Between two worlds and then some

Ishi: The Last of the Yahi traces history real and imagined
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A history of violence

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There have been books, documentaries, feature films, and more than one play about Ishi, the last "wild" California Indian who emerged from the hills of northern California in 1911 and became friend and subject of renowned Berkeley anthropologist Alfred Kroeber and his colleagues. Purportedly the sole surviving member of the Yahi tribe — just one of many indigenous groups decimated by white settlers' diseases as well as the state-sanctioned genocidal violence against California's native populations in the late 19th century — Ishi succumbed after five years in San Francisco to the white man's disease of tuberculosis, only to rise again years later (thanks in part to a famous biography written by Kroeber's second wife, Theodora) as a symbol of new age spiritualism and the elevation of naturalism as ennobling.

Ishi has been the subject of many stories, then, though none necessarily entirely or even remotely his own. Ishi: The Last of the Yahi — Bay Area playwright and Theatre Rhinoceros artistic director John Fisher's own foray into the history, legend, and meaning of Ishi — takes the idea of the native Californian's true story as its supple (if somewhat overworked) premise, boldly mixing fact and fiction as well as contemporary and early 20th-century mores to tell a tale of deeply rooted systemic violence that, among other things, links the production of scientific knowledge and the construction of difference (especially racial and sexual difference) to the all-out homicidal impulses of a colonial system of conquest.

This bracing scope, however, is only fitfully fulfilled by the play's uneven characterization and somewhat tortuous plot, which attempts to ground the play's more abstract and polemical aspects in a set of human relationships that reverberate across the cultural gulf separating Ishi from his white hosts. Bounding across roughly 150 years, three cities, and two continents, Ishi throws up promising ideas throughout, but ends by being too disjointed and dramatically hit-and-miss to adequately sustain them.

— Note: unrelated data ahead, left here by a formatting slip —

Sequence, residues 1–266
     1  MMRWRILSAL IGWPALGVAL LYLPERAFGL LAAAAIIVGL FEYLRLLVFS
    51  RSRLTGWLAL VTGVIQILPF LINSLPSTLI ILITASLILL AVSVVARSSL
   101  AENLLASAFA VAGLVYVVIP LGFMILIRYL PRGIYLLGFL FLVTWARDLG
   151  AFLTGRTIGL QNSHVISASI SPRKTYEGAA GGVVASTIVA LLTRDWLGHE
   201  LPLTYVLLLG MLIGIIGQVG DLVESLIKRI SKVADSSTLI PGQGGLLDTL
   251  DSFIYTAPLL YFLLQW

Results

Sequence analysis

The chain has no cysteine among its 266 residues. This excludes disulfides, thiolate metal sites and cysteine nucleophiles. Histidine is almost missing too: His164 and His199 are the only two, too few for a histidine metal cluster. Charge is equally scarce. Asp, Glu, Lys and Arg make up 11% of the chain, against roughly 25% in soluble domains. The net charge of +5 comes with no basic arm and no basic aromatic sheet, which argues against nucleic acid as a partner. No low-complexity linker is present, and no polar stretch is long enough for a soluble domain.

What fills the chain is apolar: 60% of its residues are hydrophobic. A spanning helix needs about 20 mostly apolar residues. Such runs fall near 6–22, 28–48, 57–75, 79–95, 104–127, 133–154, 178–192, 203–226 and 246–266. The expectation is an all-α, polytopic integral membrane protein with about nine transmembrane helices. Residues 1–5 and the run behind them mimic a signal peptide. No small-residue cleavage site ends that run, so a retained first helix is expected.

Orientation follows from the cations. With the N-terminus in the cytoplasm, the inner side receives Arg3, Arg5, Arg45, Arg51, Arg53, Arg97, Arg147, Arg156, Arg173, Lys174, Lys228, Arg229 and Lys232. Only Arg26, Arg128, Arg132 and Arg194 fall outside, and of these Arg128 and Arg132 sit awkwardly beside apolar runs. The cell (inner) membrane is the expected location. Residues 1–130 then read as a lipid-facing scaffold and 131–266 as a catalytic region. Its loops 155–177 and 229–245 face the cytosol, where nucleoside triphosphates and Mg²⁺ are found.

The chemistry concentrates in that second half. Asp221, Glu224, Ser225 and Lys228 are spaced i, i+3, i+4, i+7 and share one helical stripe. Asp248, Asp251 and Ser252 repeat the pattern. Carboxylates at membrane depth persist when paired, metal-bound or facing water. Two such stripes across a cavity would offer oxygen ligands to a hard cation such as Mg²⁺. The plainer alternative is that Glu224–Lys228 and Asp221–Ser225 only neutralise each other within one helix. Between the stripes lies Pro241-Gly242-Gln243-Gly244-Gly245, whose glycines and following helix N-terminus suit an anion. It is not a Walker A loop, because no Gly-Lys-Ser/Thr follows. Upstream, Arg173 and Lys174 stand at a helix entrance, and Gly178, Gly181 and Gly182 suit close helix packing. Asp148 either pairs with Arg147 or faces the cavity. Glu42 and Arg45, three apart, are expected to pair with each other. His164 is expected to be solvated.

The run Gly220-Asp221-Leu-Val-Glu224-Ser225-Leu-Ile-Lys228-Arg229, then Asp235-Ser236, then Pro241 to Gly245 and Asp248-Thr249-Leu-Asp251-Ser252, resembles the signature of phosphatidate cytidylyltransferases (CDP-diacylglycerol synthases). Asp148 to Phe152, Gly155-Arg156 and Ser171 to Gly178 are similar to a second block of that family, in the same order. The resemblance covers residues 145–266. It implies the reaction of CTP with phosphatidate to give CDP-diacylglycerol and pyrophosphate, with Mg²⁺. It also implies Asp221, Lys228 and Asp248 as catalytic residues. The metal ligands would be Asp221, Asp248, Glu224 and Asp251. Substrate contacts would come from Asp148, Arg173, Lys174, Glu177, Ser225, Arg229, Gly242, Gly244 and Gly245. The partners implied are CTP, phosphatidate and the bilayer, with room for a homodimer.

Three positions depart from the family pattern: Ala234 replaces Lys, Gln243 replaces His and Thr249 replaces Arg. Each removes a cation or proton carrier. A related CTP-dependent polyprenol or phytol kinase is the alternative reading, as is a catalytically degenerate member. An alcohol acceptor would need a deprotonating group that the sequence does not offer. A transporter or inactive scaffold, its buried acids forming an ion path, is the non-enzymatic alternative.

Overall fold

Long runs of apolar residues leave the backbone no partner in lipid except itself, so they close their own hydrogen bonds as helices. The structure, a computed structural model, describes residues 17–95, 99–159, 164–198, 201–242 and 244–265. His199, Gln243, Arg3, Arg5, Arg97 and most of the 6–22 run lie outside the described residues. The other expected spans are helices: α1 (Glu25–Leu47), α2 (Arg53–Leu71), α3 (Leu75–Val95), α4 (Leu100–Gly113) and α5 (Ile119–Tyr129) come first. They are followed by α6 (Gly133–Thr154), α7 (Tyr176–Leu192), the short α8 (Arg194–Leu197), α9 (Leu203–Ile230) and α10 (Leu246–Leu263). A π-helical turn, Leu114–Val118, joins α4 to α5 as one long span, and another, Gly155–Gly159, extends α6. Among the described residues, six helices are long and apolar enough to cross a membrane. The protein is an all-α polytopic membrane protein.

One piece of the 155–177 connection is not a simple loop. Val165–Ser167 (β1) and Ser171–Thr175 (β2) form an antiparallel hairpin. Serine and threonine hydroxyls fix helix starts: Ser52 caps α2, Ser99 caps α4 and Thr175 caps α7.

The play brackets the principal action, set between 1911 and 1916, with an academic job talk and a university undergraduate course dealing with the history and implications of Ishi's story, interspersed with loud and violent scenes of bounty hunters running down Ishi's relatives. Alfred Kroeber (Kevin Clarke), and colleagues Thomas Waterman (Aaron Martinsen) and Dr. Saxton Pope (Matt Weimer), meanwhile, move effortlessly between the early 20th century and the contemporary setting, in which terms like "postcolonial multiculturalism" are confidently bandied about.

Our first glimpse of Kroeber is of a highly ambitious man courting the favor of a rich benefactress — Phoebe Apperson Hearst (Kathryn Wood) — to secure the necessary funds for a world-class anthropology museum. He is also a loving husband whose wife, Henrietta (Jeanette Harrison), is slowly dying of TB. Here, Henrietta is supposedly the daughter of Kroeber's renowned former teacher, Franz Boas, a problematic father figure Kroeber has broken with. These connections will find echoes in the relationships in Ishi's own family. The deal brokered between Kroeber and Hearst, meanwhile, ends up turning on Kroeber's success in extracting the personal history of the last Yahi, who has just been discovered half-starved and rummaging for scraps in Oroville.

Played with an air of abiding confidence, subdued sorrow, and quiet humor by Michael Vega, Fisher's Ishi must negotiate a world in which everyone wants a figurative or literal piece of him but where human sympathy and the growing bonds of friendship have their own pull, bidding him to reveal more of himself. Solidly crafted performances from Clarke and Harrison help anchor the drama in the complexity and heartache of the death-shrouded Kroeber marriage.

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